|Town/Region||Cerros de Amotape National Park|
|Continent||Central and Latin America|
|Date||25 Jul 2012|
The fact that funding in protected areas is usually scarce carries out other problems such us: wildlife hunting, illegal lodging, extensive farming and irresponsible tourism (garbage accumulation and wildlife disturbance). With our research we pretend to establish hot spots, determine abundance and habitat utilization by umbrella species, allowing us to distribute this information, especially, to park managers to reorient their few resources to the effective protection of wildlife core areas.
Most of the species to be evaluated are highly threatened and included in the IUCN redlist and CITES appendix, such as: Leopardus pardalis, L. wiedii, L. colocolo, Puma yagouaroundi, P. concolor , Panthera onca , Nasua narica, Odocoileus peruvianus, Eira barbara, Tamandua mexicana. To achieve the project’s objectives, three sampling methods will be used in each type of habitat (Tropical Forest, Dry Forest, and a transitional forest between the two:
Diurnal and nocturnal censuses, in four different times of the year (August and November - dry season and January and March - wet season). Three transects of 2- 4 Km will be routed in each type of habitat and those will be walked at three different times of the day and during 6 days per habitat. A distancemeter will be used to calculate the distance between the researcher and the animal to subsequently use this information in the software Distance.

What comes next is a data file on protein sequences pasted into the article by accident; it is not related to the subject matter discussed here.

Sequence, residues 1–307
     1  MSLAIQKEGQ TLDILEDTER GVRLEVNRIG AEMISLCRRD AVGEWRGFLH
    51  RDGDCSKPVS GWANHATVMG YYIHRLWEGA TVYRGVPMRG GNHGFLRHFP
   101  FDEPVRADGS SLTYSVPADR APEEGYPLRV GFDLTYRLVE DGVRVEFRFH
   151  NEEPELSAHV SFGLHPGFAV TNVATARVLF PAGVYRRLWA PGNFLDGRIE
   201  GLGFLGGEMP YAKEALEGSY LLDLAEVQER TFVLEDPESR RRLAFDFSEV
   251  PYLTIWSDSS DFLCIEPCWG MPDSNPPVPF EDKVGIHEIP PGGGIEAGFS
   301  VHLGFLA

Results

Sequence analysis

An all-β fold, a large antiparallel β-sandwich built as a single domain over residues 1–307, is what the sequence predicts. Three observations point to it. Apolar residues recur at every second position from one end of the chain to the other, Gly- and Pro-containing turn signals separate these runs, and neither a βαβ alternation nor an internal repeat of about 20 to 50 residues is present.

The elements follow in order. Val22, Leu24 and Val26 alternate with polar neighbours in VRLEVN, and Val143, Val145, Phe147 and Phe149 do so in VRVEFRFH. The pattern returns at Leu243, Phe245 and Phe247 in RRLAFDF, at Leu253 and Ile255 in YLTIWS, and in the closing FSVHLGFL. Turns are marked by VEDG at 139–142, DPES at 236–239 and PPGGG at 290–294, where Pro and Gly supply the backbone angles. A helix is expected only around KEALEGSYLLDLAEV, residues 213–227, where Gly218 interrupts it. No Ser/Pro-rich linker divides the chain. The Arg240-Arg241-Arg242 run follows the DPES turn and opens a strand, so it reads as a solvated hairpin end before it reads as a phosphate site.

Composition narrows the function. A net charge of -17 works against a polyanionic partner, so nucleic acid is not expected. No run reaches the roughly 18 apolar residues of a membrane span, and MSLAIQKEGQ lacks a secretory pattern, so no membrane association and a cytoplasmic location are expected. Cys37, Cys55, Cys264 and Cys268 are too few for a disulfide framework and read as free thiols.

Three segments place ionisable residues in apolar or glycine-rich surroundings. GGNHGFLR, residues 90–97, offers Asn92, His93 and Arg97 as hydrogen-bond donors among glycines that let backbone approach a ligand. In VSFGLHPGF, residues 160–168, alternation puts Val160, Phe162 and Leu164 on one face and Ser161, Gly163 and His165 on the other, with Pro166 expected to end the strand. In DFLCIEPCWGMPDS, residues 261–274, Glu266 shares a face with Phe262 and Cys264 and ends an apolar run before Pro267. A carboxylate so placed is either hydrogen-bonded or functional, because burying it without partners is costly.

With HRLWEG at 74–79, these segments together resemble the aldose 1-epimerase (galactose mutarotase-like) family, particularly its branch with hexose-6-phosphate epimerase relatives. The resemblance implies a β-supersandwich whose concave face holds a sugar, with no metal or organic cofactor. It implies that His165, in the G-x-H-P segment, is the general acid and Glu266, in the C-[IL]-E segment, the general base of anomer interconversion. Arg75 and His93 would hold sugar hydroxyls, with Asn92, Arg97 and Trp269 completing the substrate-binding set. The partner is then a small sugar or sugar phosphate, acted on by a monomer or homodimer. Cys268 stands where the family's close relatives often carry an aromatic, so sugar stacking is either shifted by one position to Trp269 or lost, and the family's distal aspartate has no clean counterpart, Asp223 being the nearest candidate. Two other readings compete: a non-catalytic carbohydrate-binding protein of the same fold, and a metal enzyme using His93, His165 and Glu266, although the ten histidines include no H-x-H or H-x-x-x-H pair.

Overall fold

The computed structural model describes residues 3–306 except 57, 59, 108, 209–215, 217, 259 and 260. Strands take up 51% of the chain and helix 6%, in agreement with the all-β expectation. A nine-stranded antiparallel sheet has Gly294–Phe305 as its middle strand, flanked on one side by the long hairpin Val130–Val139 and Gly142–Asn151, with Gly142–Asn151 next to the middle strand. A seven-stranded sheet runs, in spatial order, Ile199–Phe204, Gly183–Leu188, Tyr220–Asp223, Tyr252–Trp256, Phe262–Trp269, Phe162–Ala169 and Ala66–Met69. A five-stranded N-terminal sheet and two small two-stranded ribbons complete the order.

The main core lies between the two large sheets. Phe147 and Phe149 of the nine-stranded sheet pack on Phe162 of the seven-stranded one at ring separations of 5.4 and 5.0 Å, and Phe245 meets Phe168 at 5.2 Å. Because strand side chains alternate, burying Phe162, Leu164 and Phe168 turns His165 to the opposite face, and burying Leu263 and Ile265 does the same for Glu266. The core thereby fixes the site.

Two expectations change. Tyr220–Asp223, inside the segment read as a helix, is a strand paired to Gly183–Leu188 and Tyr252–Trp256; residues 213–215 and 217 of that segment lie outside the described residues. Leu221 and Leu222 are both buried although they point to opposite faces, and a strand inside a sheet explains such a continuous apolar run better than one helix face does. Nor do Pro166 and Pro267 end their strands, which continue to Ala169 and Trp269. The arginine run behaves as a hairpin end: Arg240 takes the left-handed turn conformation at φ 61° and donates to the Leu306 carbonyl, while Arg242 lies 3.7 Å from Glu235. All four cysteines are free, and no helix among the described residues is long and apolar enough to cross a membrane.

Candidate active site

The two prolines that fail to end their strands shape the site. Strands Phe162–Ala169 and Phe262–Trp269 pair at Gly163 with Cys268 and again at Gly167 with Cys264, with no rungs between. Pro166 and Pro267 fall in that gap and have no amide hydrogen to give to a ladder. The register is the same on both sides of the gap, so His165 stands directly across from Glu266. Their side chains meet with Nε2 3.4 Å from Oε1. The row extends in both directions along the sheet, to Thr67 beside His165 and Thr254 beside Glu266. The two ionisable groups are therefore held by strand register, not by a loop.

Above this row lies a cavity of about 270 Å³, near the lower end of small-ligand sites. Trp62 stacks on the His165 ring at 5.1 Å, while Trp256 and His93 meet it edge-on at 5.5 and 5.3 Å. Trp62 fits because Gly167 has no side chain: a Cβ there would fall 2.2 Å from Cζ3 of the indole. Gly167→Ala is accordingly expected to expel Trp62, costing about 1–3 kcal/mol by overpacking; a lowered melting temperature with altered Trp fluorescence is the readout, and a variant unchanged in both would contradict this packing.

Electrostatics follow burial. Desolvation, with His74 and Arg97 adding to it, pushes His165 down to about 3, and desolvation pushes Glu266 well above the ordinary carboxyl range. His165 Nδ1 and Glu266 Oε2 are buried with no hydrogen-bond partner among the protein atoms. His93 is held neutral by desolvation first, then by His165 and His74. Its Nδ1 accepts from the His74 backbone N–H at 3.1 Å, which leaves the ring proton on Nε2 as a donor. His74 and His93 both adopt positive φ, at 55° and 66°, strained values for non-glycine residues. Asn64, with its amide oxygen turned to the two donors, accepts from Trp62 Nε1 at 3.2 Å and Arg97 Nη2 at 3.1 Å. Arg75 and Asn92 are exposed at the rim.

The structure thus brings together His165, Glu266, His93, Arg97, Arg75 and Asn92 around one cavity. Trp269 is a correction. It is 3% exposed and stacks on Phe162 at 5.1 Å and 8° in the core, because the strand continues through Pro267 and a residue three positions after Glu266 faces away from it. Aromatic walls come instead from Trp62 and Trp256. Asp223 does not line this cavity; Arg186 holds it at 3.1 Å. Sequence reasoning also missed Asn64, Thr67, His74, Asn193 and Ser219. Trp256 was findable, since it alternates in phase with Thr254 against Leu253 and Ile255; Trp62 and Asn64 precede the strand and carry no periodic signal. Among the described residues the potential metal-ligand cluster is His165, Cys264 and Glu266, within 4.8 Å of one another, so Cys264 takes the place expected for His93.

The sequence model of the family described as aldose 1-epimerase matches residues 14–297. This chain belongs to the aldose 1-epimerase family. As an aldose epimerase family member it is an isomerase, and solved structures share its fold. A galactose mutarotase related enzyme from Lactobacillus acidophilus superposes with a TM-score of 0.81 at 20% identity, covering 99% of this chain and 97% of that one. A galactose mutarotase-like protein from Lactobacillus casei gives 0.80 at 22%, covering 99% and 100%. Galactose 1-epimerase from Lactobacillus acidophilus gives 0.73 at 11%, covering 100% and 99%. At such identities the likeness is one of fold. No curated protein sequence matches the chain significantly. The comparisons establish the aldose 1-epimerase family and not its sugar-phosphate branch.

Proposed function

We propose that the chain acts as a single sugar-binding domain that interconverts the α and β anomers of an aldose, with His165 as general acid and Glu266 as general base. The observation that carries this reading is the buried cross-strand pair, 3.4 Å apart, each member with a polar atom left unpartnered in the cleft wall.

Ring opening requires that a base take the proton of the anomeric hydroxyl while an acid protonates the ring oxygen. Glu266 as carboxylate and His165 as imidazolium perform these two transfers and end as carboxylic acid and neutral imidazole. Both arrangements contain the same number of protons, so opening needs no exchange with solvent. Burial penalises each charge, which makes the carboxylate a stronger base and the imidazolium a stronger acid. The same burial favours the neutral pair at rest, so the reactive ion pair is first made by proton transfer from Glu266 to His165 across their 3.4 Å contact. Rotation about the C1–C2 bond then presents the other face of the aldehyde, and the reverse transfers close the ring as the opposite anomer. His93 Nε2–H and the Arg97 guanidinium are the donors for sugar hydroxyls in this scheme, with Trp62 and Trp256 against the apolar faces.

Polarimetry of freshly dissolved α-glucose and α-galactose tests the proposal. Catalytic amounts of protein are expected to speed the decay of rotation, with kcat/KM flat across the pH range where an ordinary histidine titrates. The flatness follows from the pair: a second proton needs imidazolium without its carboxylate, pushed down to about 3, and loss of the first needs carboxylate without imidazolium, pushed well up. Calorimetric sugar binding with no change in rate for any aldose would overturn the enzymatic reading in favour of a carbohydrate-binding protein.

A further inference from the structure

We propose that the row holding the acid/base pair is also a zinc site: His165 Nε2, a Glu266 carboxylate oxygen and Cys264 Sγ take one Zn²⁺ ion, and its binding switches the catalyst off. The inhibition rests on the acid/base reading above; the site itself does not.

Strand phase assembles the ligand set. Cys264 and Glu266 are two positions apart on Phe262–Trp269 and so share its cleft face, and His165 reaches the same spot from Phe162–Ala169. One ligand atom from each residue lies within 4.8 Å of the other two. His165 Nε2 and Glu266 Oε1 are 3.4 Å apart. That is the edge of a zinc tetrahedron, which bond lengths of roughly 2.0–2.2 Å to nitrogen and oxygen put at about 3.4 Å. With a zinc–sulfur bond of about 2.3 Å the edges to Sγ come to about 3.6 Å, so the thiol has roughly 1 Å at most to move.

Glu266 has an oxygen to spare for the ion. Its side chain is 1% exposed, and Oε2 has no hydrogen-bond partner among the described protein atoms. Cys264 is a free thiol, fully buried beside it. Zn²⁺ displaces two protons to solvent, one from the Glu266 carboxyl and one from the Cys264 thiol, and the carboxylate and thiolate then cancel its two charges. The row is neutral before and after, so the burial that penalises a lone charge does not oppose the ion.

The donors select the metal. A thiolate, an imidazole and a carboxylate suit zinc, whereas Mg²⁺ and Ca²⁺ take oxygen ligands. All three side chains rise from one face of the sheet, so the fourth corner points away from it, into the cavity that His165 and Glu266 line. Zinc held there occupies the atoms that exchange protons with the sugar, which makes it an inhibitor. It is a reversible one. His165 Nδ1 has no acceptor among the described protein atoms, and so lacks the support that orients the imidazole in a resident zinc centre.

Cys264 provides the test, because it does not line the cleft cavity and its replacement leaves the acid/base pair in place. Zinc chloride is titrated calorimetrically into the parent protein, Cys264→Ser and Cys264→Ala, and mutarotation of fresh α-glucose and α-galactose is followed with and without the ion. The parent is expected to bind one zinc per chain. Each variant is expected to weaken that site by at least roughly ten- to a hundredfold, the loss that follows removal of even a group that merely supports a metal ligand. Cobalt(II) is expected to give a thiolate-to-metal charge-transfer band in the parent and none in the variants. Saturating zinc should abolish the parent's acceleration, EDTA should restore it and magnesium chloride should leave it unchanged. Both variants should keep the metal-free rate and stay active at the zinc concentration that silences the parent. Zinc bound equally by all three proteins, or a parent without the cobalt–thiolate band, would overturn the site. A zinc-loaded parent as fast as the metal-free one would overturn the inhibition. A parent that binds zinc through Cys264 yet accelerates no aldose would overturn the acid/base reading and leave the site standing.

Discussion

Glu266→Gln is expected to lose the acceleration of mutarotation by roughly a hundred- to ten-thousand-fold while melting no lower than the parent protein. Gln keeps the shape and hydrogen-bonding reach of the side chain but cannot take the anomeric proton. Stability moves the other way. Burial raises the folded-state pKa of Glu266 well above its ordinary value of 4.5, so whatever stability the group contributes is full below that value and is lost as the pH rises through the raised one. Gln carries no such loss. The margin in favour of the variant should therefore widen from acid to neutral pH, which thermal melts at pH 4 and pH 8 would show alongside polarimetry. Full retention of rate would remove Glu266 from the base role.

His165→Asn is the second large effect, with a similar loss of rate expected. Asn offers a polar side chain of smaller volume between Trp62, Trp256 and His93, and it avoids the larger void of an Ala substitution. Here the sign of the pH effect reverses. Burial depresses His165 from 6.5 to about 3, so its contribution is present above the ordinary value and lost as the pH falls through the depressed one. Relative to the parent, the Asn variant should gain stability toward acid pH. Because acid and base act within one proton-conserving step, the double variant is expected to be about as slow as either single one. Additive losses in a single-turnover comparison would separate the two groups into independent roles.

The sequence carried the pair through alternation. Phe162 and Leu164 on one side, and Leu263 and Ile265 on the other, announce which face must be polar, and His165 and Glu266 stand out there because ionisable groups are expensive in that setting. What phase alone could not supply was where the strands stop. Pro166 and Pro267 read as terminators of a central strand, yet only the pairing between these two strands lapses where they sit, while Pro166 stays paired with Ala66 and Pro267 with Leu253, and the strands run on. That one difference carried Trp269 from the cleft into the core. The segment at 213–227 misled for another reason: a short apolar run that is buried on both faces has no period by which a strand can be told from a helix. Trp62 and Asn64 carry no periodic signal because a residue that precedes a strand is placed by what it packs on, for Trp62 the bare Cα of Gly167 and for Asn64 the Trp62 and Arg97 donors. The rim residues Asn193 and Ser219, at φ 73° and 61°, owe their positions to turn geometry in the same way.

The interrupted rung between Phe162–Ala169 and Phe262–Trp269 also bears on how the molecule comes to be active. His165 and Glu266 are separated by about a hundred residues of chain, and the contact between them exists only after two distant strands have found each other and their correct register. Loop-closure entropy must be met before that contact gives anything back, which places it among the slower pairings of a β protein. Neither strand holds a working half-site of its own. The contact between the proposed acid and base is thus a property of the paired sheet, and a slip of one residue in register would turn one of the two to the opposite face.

Scent stations will also be used to collect footprints. Species will be determined based on Becker and Dalponte (1991), Aranda (2000), Moro-Rios et al. (2008) field guides.
In addition, 20 camera traps will be placed at the Cerros de Amotape National Park for a period of 1 month per season and per habitat. The cameras will be separated by 1km and checked every week to change batteries and obtained photos. Considering the type and number of observations obtained (direct or indirect) the data will be used with the software Distance 3.5 to calculate population density. If the amount of sightings is not enough to use the software Distance, the abundance index will be calculated dividing the number of observations by the sampled area.
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